Last week's U.S. Supreme Court ruling striking down Roe v. Wade was a massive blow to reproductive rights and a direct attack on the health and safety of women, people with uteruses and basic human rights. This ruling will affect all people, however, Black people stand to be disproportionately impacted by the court's ruling. According to the Guttmayer Institute, most abortions in the United States are obtained by people of color (37 percent Black, 22 percent Hispanic and 8 percent "Other," meaning Asians, Pacific Islanders, Native Americans and those of mixed race). This is coupled with the number of people who die during childbirth. A 2020 U.S. Centers for Disease Control and Prevention report states the maternal mortality rate for non-Hispanic Black people was more than 55 deaths per 100,000 live births — almost three times the rate for non-Hispanic white people. The rate for Black people increases with age (13.8 deaths per 100,000 for people under age 25; 22.8 for those aged 25-39; and 107.9 for those aged 40 and over). Separately, these statistics are alarming; together, these rates amplify the crisis of reproductive health of Black people.
The future of our inalienable rights hangs in the balance. The overturning of Roe v. Wade appears to be an ominous foreshadowing of other attacks that may lie ahead. The conservative-leaning U.S. Supreme Court appears to have its sights on reversing other laws our country has fought hard to set in place. In his concurring opinion of the Roe v. Wade overturning, Justice Clarence Thomas hinted at the need to revisit same-sex marriage and birth control rulings. We must take action.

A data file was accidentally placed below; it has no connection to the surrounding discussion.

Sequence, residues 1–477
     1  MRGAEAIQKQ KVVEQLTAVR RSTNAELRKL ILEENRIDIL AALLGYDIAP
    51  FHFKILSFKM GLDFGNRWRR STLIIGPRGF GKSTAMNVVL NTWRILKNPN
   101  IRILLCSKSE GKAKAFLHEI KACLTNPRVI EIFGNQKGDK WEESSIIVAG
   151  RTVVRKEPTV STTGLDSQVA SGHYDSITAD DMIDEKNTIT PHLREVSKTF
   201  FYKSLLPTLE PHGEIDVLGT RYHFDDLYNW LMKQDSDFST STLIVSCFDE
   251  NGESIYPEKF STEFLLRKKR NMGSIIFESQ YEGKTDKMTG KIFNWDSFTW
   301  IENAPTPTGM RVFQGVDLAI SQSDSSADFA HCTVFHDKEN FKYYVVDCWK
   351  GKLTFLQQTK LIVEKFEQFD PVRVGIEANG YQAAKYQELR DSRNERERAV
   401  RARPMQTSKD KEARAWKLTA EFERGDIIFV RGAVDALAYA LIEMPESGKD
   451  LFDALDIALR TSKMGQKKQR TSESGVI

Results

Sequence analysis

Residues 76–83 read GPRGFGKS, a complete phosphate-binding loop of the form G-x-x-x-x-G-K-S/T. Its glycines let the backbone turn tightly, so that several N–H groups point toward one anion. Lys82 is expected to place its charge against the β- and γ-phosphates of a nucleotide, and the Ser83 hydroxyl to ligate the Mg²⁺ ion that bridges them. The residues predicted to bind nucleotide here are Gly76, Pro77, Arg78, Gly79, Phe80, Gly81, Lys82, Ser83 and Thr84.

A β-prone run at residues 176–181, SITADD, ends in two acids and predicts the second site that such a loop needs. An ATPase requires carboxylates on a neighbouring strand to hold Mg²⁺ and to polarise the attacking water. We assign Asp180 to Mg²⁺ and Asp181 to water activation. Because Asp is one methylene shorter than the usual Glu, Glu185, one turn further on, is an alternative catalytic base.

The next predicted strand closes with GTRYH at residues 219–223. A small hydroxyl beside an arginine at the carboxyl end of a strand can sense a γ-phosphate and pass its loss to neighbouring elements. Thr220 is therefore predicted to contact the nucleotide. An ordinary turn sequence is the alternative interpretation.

Step into your power. Identify your areas of influence and step into them. It is all right to be nervous and even scared. Lean into it. Run for office. Step into a leadership role. Support current leaders and organizations doing the work and celebrating our culture, beauty and strength. Donate your time and/or your money to organizations that align with your values. There's no need to reinvent the wheel — seek out groups and organizations already doing the work. Connect with Eureka NAACP, Centro de Pueblo, HAPI (Humboldt Asians & Pacific Islanders in Solidarity), Planned Parenthood and Cooperation Humboldt.
The fight can sometimes be daunting. This is a marathon, not a sprint. It is essential to focus on joy and well-being — we are here to be glorious, not solely to fight. Tap into the resources from Black Humboldt and HC Black Music and Arts Association to cultivate your emotional health while doing this work.
Complacency is a convenience we can no longer lean on. Change rarely occurs overnight. It takes work and time, but the reward makes the effort worth it. Time to work! Time to fight! We can do it — together.
Sharonne Blanck (she/her) is the Eureka NAACP president.
Lorna Bryant (she/her) is the Eureka
NAACP media coordinator.